Holographic Artificial Impedance Surfaces

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Holographic artificial impedance surfaces or modulated metasurfaces are leaky-wave antennas whose surface impedance is sinusoidally modulated using the holographic principle. They are characterized by either a scalar or tensor surface impedance. The scalar surface impedance facilitates in the synthesis of desired phase change of the aperture fields while the tensor impedance enables the control of both amplitude and phase synthesis of aperture fields. Leaky wave antennas can be used in applications like automotive radar due to their high gain and narrow beamwidth. The need to flush-mount them on the surface of vehicles or aircrafts necessitates the design and analysis of conformal leaky wave antennas. A conformal leaky wave antenna can be modulated along the axis or the circumference of the cylindrical surface.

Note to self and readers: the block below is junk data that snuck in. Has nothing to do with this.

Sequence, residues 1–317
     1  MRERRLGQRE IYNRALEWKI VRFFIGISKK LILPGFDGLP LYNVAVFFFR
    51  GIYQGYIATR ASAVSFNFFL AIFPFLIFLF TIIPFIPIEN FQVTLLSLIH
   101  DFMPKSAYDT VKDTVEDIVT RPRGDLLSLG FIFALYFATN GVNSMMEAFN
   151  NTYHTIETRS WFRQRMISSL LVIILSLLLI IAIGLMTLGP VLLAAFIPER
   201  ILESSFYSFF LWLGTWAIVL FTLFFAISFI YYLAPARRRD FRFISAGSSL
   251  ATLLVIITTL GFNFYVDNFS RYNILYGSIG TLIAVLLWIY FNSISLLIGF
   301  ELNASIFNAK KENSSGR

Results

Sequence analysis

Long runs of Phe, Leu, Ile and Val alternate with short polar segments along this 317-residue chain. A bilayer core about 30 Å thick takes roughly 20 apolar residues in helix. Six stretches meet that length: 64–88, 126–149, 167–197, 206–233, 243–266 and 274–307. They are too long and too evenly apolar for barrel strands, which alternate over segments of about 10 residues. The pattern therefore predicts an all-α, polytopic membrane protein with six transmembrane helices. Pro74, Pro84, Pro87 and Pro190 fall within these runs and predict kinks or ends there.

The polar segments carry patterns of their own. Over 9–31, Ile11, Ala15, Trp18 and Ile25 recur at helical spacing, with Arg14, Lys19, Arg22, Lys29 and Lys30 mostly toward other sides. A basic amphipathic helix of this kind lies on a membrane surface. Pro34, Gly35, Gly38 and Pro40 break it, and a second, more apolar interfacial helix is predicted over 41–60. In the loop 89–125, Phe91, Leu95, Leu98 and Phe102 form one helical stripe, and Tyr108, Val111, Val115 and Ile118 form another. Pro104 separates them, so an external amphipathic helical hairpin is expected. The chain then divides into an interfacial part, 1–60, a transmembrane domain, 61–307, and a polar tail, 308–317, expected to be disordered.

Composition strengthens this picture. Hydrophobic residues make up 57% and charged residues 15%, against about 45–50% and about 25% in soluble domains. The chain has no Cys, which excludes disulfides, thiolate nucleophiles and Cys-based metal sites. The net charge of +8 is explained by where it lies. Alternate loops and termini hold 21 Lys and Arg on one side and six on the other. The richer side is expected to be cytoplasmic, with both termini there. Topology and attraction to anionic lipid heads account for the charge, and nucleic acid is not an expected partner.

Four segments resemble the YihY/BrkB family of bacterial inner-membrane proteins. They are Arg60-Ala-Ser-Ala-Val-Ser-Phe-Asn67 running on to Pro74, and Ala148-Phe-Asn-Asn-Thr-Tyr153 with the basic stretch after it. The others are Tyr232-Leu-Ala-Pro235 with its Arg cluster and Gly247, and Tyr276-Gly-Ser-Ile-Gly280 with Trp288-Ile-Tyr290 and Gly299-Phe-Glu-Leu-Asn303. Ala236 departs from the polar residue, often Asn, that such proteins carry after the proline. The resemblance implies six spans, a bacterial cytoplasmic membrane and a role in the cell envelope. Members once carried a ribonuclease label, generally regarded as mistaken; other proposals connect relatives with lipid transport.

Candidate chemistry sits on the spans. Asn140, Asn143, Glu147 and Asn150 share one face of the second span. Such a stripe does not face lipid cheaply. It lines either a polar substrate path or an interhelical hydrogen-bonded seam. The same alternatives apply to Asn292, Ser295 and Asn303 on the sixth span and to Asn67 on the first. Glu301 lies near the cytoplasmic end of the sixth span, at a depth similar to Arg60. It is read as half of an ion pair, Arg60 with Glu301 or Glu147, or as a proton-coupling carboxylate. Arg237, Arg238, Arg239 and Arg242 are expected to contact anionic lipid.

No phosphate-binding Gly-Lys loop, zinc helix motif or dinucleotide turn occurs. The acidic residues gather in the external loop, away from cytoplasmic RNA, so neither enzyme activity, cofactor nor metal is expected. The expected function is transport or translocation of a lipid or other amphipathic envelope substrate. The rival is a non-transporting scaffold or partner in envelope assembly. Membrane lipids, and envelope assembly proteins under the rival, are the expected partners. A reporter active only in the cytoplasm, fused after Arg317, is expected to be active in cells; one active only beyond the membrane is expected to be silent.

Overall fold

The E plane radiation pattern of an axially modulated cylindrical leaky wave antenna for different radii of curvature.

The conventional 2-D metasurfaces form a pencil beam when operated at the frequency in which the propagation constant of the forward travelling waves is equal to that of the backward travelling waves. This frequency is called the phase crossover frequency. The 2-D modified metasurfaces, capable of forming pencil beams with the desired polarization, are operated at non – phase crossover frequencies. These modified metasurfaces have a broader operational bandwidth compared to the conventional 2-D metasurfaces.

Variation of (a) peak gain and (b) peak direction along xz plane for non-phase crossover frequency. 2-D modified metasurfaces (operated in the non – phase crossover frequencies) have a broader operational bandwidth when compared to the conventional 2-D metasurfaces (operated in the phase crossover frequency)